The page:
Should you eat more dietary fiber? New study says it depends

Nutritionists generally advise everyone to eat more dietary fiber, but a new Cornell University study suggests that its effects on health can vary from person to person. The findings indicate that recommendations should be tailored to each individual’s gut microbiome.

The study, published in Gut Microbes, focused on resistant starch, a category of dietary fiber found in such foods as bread, cereals, green bananas, whole-grain pasta, brown rice and potatoes.

The researchers identified the gut microbe species that change in response to two different types of resistant starch.

They found evidence that each individual may have a unique response to eating a resistant starch, with some people benefiting and others experiencing little or no effect.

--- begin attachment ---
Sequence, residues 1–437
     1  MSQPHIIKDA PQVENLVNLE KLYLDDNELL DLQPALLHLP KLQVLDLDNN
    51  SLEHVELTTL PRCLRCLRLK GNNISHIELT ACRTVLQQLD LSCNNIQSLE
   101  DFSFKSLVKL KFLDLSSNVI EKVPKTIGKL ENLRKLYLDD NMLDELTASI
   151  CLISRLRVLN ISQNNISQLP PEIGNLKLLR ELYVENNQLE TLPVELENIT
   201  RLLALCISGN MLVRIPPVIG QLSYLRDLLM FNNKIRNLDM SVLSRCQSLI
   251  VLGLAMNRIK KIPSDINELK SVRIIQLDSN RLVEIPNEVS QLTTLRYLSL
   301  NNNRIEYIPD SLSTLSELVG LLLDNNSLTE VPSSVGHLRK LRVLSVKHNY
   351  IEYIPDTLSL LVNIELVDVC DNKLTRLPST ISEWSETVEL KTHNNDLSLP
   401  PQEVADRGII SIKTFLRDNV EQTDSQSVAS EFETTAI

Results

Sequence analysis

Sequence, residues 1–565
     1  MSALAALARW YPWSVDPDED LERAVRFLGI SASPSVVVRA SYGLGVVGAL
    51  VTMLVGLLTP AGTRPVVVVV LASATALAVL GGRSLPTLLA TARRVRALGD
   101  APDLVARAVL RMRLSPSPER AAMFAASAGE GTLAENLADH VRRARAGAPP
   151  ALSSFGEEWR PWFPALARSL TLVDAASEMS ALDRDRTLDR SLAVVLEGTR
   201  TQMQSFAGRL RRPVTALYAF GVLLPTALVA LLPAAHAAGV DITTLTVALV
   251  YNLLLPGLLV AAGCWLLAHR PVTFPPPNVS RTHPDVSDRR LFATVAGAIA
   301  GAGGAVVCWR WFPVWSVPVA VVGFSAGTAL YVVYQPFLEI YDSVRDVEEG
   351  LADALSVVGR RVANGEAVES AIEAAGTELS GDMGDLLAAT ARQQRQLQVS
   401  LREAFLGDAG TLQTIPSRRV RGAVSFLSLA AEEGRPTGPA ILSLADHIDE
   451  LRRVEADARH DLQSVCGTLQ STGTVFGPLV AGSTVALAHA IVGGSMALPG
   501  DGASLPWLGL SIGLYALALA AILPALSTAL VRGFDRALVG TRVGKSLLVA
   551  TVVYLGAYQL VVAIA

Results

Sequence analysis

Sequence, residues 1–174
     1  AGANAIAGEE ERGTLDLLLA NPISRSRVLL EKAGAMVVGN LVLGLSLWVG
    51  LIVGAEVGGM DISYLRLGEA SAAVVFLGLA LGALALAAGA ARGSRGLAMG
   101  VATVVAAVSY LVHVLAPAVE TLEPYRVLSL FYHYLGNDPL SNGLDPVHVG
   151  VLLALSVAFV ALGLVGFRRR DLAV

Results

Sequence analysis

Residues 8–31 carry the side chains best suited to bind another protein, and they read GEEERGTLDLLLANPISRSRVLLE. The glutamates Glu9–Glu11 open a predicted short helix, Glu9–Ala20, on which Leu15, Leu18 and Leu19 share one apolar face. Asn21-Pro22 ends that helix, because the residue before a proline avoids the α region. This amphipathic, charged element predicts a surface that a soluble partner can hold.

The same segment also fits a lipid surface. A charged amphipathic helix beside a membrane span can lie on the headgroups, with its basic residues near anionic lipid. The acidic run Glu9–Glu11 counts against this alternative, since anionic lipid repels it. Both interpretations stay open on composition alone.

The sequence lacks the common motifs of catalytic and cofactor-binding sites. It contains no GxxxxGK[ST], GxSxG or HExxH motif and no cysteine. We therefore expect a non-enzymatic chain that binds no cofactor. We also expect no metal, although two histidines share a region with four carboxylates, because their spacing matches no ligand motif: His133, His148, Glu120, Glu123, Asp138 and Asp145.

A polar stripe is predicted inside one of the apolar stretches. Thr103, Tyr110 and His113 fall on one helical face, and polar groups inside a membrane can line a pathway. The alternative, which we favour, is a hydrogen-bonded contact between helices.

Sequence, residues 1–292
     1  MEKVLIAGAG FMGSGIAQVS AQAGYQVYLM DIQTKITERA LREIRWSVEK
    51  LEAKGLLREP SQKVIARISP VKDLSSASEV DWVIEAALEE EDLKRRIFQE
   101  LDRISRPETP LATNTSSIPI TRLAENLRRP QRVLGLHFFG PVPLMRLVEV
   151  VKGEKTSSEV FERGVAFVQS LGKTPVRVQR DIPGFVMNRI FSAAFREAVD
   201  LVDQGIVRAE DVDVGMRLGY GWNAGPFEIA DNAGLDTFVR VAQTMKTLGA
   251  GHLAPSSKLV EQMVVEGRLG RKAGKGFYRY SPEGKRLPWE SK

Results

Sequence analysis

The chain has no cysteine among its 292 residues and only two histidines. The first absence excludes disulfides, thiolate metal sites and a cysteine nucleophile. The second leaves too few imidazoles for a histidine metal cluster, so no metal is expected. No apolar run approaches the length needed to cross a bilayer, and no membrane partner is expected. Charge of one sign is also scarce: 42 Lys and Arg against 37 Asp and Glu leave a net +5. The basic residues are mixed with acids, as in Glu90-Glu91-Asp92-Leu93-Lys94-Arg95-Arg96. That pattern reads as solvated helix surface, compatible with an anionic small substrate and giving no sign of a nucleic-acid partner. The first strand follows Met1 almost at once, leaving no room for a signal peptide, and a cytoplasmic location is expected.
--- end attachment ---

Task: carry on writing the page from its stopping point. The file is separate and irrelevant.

The reason appears tied to the level of diversity and composition of a person’s gut microbiome.

“Precision nutrition definitely has a use in determining what dietary fiber we should tell people to eat,” said Angela Poole, assistant professor of molecular nutrition and senior author of the study.

“This is critical because we’ve had public messaging advising people to eat more dietary fiber for decades,” Poole said.

“At the same time, less than 10% of people eat the recommended intake. Since there are many different types of dietary fiber and carbohydrates, a better strategy would be to collect data on each person and tell them which dietary fiber they can eat to get the most bang for their buck.”

In the study, Poole and colleagues tested three dietary treatments on 59 participants over seven weeks.

The study was supported by the President’s Council of Cornell Women and the National Institutes of Health.

Source: Cornell University.

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